The value of context

July 17, 2010 - Pittsburgh, Pennsylvania, United States of America - 17 July 2010: Pittsburgh Pirates rightfielder Lastings Milledge.

Lastings Milledge - ZumaPress

First of all, if you have yet to read Joe Posnanski’s thoughts on Wins Above Replacement (WAR), do yourself a favor and give it a few minutes of your time. Posnanski, with his authentic writing style, wide-ranging appeal and rational thought process, just might be the perfect writer to bridge the gap between old-school baseball fans and Excel-operating baseball nerds.

Posnanski does an excellent job of discussing WAR as a concept, mostly leaving the advanced mathematics at the door. But he doesn’t mention a key point, one that I think leads to much of the arguing about the metric. WAR is a context-neutral statistic. While this is also true of many accepted stats, such as batting average, on-base percentage and slugging percentage, it seems to hurt the credibility of WAR to a greater extent. WAR is often framed as an all-encompassing stat, one that attempts to measure a player’s overall value to his team. Describing a stat as comprehensive, despite its disregard toward a player’s high-leverage performance, immediately damages its trustworthiness in many fans’ eyes. As an example, maybe you have heard this debate, or a similar one, at some point during the 2010 season.


Person A: “Lastings Milledge needs to go. His bat is awful for a corner outfielder and he’s a mess in the field and on the bases.”

Person B: “No way, Milledge has been one of the more valuable hitters on the team. He’s been huge with runners in scoring position, delivering numerous key hits.”


Which person is correct? Well, they both are. They are just looking at the situation from two different angles. Milledge has certainly been more valuable this season than his WAR, slugging percentage and other context-neutral stats would indicate. Generally speaking, his hit distribution has leaned heavily toward the more important situations, which certainly contain additional value. Unfortunately, it is not a sustainable skill. Person B is correct if we want to know how valuable Milledge was in 2010. Person A is correct if we are assessing Milledge’s true talent level based on his 2010 performance.

As Pirates fans in the year 2010, we should generally be looking at stats that are context-neutral. Determining Milledge’s value to the current team is essentially irrelevant, because there is little difference between winning 52 games or 61 games or 68 games. Gauging what Milledge’s 2010 performance means for his future performance (in other words, his value at a time when the Pirates may actually be competitive) is a much more pertinent issue and, unfortunately, his production in crucial situations possesses almost zero predictive value.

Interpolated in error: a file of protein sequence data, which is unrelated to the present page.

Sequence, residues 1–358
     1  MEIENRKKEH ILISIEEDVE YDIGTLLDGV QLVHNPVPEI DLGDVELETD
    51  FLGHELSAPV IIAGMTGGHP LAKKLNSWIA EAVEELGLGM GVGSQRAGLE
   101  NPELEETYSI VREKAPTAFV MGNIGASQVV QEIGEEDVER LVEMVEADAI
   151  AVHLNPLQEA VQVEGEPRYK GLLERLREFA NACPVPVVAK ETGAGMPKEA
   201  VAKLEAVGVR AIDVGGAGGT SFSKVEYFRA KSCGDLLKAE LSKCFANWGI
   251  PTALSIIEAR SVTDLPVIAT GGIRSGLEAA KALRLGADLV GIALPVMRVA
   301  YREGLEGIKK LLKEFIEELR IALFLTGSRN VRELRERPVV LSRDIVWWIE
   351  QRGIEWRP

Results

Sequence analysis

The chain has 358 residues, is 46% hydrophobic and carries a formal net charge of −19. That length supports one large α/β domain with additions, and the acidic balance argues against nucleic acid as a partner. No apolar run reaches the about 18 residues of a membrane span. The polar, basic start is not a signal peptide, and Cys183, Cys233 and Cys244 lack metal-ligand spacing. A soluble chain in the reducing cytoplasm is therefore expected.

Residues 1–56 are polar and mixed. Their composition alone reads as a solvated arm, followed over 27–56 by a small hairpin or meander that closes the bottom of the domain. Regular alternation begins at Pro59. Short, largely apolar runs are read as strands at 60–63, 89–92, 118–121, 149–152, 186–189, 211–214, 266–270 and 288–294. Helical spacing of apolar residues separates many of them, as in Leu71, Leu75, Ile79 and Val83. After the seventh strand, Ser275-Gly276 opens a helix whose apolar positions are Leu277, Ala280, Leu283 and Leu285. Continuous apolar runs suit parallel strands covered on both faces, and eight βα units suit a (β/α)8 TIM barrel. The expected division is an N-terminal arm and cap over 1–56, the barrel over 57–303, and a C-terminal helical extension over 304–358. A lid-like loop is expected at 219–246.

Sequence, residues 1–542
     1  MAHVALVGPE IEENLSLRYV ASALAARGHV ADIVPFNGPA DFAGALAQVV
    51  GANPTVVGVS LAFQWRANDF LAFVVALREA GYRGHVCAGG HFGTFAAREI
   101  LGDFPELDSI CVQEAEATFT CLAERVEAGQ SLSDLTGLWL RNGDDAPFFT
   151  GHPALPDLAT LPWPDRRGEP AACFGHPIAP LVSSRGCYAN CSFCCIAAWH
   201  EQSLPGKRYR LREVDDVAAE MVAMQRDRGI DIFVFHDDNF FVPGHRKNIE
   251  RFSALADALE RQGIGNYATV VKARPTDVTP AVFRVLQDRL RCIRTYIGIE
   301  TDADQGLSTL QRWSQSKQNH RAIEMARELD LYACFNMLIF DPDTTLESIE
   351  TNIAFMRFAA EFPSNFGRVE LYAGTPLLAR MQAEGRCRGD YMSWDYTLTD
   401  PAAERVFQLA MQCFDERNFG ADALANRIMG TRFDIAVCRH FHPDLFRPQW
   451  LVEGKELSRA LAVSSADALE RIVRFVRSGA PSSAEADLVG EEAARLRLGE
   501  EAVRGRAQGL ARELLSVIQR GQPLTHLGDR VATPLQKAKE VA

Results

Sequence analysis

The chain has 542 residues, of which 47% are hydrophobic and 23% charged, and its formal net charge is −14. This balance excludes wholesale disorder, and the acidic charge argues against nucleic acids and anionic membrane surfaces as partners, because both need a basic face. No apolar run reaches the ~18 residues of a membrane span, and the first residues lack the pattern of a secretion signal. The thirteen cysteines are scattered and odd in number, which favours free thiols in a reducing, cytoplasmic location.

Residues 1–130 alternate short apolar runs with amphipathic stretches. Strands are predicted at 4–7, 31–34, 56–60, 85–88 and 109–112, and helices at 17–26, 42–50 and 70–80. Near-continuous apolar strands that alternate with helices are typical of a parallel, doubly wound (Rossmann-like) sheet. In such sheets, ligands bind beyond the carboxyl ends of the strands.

Having said all that, let’s take a look at the Pirates’ most valuable hitters in 2010. First, we will look at it from a context-neutral (and more predictive) point of view. To do that, we will use the “Offense” component of WAR, which is based on Weighted On-Base Average (wOBA). Essentially, a player is credited with a certain run value for every positive outcome (home run, stolen base, walk, etc.) and compared to league average (0 runs). Here are the top five Pirates thus far in 2010.


Player Offense
Andrew McCutchen +13.0
Neil Walker +11.9
Jose Tabata +6.3
Ryan Doumit +2.9
Steve Pearce +1.1


Next, let’s look at the team’s most valuable hitters without removing context. Win Probability Added (WPA) is an excellent metric for determining a player’s true effect on the game situation. For those unfamiliar with WPA, every point in a baseball game is broken down based on four categories: inning, score, outs and baserunners. At any instant, using decades of precedent, we can measure a team’s probability of winning a game based on the situation. That probability is called Win Expectancy (WE). For example, if the home team is batting with zero outs and the bases loaded in the seventh inning of a tie game, that team has an 82.7% chance of winning. With two outs and the bases empty in the ninth inning, trailing by one run, that team has a 4.2% chance of winning. By measuring the team’s WE both before and after an individual player’s plate appearance, we can calculate the degree to which that player either added to or subtracted from his team’s chances of winning. This allows us to accurately quantify the difference between, “Player X is more valuable than his numbers because he regularly makes productive outs” and, “Player Y is overvalued by his stats because he racks up solo home runs late in blowout games.” As you can see, the two lists essentially match, with Milledge sneaking into the WPA top five.


Player WPA
Neil Walker +0.81
Andrew McCutchen +0.60
Lastings Milledge +0.54
Steve Pearce +0.32
Ryan Doumit +0.20


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Great article, and Posnanski’s article was also a great read. Too many people disregard or discount the value that these advanced metrics can possibly provide just because they aren’t correct 100% of the time – yet the only people purporting that that is precisely what’s being attempted (perfection) are the people who completely discount any value they provide.

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